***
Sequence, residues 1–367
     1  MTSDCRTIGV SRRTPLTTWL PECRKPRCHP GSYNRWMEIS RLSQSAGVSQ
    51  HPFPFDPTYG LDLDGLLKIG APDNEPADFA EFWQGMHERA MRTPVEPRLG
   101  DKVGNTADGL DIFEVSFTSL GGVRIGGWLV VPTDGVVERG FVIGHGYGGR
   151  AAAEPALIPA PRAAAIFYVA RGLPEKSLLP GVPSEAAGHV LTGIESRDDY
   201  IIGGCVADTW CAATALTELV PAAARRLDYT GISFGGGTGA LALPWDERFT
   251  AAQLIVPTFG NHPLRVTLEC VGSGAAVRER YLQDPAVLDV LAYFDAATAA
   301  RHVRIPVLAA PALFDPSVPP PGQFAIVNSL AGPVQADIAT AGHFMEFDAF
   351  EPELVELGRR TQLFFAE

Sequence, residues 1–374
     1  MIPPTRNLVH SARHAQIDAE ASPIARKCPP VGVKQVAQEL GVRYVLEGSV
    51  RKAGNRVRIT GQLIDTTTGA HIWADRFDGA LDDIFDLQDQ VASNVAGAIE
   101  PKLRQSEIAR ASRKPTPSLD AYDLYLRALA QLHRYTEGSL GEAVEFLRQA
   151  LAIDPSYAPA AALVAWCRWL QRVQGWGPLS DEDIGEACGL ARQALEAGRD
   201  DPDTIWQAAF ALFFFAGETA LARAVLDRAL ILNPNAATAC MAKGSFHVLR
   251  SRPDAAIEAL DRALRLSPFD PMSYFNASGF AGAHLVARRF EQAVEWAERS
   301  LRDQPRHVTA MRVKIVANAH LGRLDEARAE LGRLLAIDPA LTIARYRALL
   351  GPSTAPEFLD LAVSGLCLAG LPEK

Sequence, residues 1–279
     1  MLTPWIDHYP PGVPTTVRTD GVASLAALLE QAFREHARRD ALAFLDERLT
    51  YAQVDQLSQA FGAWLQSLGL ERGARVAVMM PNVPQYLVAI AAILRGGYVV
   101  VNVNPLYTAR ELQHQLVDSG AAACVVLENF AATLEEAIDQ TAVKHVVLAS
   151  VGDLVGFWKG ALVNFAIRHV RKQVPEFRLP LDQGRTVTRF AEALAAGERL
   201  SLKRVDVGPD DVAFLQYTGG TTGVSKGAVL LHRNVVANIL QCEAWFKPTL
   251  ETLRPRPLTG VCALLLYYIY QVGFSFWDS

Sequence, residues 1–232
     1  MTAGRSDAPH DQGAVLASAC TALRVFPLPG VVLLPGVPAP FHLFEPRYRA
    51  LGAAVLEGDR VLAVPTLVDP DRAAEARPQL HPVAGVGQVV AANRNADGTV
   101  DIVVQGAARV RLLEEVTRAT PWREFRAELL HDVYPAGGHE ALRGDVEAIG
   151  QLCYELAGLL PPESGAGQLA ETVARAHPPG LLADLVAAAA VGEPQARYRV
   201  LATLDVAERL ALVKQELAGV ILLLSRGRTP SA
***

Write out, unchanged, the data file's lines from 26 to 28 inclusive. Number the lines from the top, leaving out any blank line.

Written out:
Sequence, residues 1–232
     1  MTAGRSDAPH DQGAVLASAC TALRVFPLPG VVLLPGVPAP FHLFEPRYRA
    51  LGAAVLEGDR VLAVPTLVDP DRAAEARPQL HPVAGVGQVV AANRNADGTV